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A typical fake choice from "Enter the Gungeon". Selecting "resist" starts the boss fight, whereas selecting "give up" brings you to the second screen, which then returns you to make your choice again. 

What Is a Game Without Choice?

Games are, in many regards, tests. If you remove the ability for players to make choices, you instead make them passive observers, and turn your game into an “interactive movie”. One criticism we often hear about “low choice games” (including certain RPGs) is that the player doesn't feel like anything they do matters, and the story continues regardless.

So can a game without choice even be considered a game? Well, to some extent. Snakes and ladders is considered a game by many people, although there is literally no way to influence the outcome short of flipping the table. It is important to note, though, that snakes and ladders is played almost exclusively by children.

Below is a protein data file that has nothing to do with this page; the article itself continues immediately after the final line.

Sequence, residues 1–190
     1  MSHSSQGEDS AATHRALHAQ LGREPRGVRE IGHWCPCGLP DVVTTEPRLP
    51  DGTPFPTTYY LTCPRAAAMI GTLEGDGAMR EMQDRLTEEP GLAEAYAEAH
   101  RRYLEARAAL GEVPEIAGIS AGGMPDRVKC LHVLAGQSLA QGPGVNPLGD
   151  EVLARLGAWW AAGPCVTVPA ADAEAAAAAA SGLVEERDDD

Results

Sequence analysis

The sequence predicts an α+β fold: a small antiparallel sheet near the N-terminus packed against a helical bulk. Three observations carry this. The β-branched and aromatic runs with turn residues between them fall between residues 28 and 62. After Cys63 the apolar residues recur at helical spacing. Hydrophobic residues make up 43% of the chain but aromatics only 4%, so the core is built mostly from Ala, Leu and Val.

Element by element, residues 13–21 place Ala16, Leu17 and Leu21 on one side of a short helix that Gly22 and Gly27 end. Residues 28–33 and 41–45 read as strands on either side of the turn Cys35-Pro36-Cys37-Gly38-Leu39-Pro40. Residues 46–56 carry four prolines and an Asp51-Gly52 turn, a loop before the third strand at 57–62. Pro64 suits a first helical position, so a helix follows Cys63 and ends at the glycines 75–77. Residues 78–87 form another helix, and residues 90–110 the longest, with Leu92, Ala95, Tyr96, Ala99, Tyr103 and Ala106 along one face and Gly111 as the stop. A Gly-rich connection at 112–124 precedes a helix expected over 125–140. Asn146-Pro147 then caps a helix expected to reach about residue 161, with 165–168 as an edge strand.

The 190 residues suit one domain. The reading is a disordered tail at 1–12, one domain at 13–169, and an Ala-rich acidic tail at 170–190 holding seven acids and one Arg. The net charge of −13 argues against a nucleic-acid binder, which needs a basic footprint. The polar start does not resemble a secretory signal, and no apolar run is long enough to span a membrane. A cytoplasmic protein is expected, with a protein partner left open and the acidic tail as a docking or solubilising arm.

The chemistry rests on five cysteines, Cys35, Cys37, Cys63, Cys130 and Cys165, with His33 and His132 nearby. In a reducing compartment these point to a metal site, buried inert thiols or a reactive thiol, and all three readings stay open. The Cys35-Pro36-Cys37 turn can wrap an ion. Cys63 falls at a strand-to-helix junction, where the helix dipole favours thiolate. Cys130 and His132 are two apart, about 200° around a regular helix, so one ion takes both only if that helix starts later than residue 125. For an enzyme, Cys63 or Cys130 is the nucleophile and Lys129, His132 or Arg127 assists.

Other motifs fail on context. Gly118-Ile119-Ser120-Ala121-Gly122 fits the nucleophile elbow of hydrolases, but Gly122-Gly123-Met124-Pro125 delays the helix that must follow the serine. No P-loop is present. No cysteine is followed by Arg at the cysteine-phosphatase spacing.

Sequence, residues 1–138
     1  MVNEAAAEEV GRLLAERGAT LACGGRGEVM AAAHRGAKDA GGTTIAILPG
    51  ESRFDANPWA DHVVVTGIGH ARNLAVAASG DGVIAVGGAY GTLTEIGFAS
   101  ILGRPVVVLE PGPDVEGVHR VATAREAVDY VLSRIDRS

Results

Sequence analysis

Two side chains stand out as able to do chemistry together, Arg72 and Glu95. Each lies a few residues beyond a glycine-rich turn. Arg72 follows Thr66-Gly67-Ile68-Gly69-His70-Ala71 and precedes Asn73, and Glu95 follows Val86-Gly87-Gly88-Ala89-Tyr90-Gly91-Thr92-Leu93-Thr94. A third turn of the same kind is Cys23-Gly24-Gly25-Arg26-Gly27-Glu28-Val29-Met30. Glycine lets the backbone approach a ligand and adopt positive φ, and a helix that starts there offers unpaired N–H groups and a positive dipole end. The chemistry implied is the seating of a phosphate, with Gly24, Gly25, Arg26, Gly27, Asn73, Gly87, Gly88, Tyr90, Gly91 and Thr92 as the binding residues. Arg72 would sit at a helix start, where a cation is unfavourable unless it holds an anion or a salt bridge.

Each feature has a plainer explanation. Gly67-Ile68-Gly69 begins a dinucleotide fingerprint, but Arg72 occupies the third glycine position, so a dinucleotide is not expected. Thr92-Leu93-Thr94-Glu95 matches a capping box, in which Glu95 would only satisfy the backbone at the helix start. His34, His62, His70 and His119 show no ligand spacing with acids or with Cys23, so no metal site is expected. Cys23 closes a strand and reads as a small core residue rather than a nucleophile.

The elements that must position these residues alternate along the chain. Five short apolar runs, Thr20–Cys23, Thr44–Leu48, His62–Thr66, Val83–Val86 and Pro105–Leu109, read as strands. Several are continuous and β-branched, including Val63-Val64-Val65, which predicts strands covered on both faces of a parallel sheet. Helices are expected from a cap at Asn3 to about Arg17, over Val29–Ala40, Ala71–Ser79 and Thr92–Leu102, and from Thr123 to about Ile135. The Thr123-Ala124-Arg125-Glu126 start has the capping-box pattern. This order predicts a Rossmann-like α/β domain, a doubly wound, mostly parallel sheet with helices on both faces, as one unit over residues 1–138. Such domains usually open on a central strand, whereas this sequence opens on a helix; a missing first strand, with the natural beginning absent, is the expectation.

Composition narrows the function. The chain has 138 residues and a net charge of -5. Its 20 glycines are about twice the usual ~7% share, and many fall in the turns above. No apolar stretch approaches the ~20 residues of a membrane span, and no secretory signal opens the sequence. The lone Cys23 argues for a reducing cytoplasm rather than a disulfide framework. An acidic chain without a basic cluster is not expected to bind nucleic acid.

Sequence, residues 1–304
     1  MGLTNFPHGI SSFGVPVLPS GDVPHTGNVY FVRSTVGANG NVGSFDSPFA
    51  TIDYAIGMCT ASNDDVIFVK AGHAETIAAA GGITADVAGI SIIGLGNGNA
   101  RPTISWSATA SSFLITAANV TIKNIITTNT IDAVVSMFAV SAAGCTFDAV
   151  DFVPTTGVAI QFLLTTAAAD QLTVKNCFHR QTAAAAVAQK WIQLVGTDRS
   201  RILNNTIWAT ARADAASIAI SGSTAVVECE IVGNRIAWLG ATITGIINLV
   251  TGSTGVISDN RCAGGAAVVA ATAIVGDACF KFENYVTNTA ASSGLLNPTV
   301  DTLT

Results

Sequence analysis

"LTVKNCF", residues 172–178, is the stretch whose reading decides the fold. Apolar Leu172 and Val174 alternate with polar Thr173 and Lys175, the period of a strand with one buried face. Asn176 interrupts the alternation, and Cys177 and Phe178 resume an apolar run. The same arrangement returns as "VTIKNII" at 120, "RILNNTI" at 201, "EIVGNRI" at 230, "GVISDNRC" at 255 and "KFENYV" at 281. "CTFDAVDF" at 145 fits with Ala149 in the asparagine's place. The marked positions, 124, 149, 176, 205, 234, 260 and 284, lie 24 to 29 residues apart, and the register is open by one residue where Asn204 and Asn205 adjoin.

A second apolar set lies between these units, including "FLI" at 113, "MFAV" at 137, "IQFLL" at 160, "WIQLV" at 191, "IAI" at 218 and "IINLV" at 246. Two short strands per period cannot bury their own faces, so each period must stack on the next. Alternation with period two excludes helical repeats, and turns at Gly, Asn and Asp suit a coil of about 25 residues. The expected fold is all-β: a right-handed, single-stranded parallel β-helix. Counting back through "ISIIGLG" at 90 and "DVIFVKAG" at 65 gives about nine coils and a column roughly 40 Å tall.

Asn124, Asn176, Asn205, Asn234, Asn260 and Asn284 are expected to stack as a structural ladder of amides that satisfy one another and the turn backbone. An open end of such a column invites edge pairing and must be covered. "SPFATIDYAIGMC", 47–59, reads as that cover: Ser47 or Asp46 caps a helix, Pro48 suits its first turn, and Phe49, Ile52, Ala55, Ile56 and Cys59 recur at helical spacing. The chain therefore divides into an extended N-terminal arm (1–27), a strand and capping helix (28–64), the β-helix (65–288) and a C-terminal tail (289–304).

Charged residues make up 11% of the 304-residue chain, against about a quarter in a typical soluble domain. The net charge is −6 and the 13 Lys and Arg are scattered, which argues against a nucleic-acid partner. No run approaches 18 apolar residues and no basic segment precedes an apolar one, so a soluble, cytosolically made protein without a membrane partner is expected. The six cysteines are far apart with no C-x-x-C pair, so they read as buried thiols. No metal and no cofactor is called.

The challenges facing children are different to those facing most adults: learning to play with your friends, counting how many squares you move, seeing where the ladders go. Because snakes and ladders does not rely on skill, it also means adults and children can play together quite happily. For most of us, snakes and ladders isn't a “proper” game—but for children, it's good enough.

What Happens When We Provide Incorrect Choices?

The concept of choice within gaming is quite massive, so rather than attempt to cover it all here, we'll take a look at some of the most common mistakes people make designing choice mechanics:

“No choice”— removing the ability of the player to make choices. There are several ways to do this, but one of the most common is player vs. player abilities. When players use abilities like stunlocks or invincibility, then in-game interaction disappears and the “victim” will find themselves having little to no fun.